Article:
Wednesday marks the beginning of Hanukkah, the Jewish festival of lights.
For the first time in over a hundred years, the eight-day holiday will overlap with American Thanksgiving, which is Thursday. The dates also overlapped in 1888, The Associated Press reports.
Hanukkah celebrates the miracle of one day’s worth of consecrated oil keeping the menorah in Jerusalem’s Holy Temple lit for eight days.
Food is a big part of the celebration and fried foods, like latkes, are especially common to represent the importance of oil.
Families generally light the first candle on the candelabrum on the first night, followed by one more candle each night at sunset to represent the eight days.
Sometimes small gifts are exchanged.
Hanukkah ends on Dec. 5.
With files from 680News
Correction: An earlier version of this article incorrectly stated it was the first time Hanukkah and American Thanksgiving had ever overlapped.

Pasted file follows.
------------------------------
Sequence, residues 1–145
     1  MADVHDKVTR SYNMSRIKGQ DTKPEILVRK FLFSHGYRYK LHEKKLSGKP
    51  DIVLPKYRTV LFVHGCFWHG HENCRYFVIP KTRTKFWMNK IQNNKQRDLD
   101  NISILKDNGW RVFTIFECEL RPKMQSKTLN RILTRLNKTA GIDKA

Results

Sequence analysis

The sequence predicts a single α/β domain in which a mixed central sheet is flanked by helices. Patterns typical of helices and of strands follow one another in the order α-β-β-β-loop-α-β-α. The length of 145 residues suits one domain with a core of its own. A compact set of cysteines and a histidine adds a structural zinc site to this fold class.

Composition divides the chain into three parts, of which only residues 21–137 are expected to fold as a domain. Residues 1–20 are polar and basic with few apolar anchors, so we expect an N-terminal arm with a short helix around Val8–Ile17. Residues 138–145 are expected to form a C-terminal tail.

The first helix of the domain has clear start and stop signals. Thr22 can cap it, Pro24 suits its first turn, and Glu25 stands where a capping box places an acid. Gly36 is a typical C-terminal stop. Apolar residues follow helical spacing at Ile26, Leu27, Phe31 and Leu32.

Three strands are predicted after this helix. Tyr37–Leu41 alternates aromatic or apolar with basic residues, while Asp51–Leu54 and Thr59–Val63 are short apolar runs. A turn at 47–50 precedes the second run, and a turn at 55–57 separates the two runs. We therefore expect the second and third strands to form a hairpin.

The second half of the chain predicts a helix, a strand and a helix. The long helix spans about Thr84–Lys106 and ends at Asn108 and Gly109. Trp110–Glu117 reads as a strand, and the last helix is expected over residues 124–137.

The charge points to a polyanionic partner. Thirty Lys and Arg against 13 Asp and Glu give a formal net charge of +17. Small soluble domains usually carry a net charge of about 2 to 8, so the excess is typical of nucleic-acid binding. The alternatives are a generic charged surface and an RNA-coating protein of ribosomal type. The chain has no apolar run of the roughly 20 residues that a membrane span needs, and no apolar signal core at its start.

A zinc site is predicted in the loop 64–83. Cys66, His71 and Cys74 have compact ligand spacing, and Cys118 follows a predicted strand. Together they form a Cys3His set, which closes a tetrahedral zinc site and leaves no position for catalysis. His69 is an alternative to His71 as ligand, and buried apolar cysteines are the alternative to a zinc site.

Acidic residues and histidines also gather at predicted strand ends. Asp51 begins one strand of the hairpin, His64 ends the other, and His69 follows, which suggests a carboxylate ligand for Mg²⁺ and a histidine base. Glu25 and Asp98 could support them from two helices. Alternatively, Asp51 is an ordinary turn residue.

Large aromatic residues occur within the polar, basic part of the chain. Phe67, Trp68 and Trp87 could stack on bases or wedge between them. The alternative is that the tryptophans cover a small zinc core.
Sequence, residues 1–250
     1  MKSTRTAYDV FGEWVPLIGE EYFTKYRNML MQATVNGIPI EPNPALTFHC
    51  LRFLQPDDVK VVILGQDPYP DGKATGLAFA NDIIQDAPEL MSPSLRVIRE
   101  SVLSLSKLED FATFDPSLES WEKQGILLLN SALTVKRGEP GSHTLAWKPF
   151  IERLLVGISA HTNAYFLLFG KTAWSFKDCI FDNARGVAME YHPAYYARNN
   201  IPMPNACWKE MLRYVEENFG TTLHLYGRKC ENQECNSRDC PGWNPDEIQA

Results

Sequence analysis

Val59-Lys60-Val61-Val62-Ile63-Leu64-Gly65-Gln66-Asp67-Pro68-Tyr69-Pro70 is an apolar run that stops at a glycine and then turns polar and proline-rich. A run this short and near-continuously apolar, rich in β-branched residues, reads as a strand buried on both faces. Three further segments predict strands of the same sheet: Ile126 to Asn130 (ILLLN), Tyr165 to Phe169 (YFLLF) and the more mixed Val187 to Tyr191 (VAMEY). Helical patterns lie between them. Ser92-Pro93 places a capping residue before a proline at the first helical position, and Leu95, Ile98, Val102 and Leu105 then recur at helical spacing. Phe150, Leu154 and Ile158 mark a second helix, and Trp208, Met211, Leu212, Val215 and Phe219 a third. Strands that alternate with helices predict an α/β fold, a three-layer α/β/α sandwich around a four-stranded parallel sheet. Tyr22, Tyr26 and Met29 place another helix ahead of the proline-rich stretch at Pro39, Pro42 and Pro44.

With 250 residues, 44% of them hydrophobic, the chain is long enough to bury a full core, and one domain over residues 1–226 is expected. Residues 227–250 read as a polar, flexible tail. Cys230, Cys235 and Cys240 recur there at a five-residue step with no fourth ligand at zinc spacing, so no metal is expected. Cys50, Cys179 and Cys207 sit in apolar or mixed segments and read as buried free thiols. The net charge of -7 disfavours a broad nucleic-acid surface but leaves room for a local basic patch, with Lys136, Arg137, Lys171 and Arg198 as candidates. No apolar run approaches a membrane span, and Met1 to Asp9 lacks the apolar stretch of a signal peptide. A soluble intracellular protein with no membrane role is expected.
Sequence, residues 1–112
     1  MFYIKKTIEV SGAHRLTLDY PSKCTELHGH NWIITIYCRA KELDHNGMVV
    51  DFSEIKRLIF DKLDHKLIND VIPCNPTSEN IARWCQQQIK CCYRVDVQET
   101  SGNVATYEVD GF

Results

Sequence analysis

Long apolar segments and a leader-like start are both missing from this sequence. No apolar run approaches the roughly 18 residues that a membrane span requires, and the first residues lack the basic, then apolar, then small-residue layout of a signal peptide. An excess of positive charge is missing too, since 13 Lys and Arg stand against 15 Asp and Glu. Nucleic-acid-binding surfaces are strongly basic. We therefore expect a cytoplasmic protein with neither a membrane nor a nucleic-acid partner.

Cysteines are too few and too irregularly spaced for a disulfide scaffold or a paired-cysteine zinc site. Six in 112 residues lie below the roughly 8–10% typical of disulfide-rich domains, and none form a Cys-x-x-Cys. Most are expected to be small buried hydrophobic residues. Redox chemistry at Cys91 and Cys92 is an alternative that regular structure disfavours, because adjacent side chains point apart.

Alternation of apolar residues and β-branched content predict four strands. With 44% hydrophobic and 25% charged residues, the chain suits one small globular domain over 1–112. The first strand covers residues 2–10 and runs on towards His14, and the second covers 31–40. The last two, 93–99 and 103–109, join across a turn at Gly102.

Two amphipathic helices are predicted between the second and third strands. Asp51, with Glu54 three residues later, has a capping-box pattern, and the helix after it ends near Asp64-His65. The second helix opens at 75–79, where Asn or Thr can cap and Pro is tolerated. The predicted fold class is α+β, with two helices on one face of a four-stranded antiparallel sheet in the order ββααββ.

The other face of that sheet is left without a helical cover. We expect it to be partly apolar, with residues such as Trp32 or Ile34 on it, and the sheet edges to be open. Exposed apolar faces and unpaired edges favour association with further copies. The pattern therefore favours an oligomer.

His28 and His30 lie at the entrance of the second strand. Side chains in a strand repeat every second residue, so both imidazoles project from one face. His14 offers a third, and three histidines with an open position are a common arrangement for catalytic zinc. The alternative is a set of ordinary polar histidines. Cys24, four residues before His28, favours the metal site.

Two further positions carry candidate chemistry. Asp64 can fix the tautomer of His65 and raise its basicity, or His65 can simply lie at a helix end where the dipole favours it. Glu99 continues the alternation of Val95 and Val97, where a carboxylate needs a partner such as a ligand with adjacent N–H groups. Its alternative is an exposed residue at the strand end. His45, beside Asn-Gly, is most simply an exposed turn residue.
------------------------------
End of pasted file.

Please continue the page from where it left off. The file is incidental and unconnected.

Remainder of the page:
Prime Minister Stephen Harper’s statement
Laureen and I would like to extend our warmest greetings to the families, friends and communities across Canada and around the world who are celebrating Chanukah, the Jewish Festival of Lights.
This eight-day holiday recalls the story of the Maccabees, who liberated the Jewish people from oppression and rededicated the Holy Temple in Jerusalem by burning ritual oil in the Temple’s menorah. It also commemorates the miracle that the oil burned for eight full days, even though there was only enough to last for one.
It is an inspiring story of the triumph of good over evil, of light over darkness and the power of faith. It is this very faith that is the cornerstone of a modern, prosperous, vibrant and democratic Israel, a faith that has inspired believers in Canada and around the world.
Chanukah also provides a meaningful opportunity for all Canadians to reflect on the remarkable contributions, both past and present, of the Jewish-Canadian community in all areas of endeavour.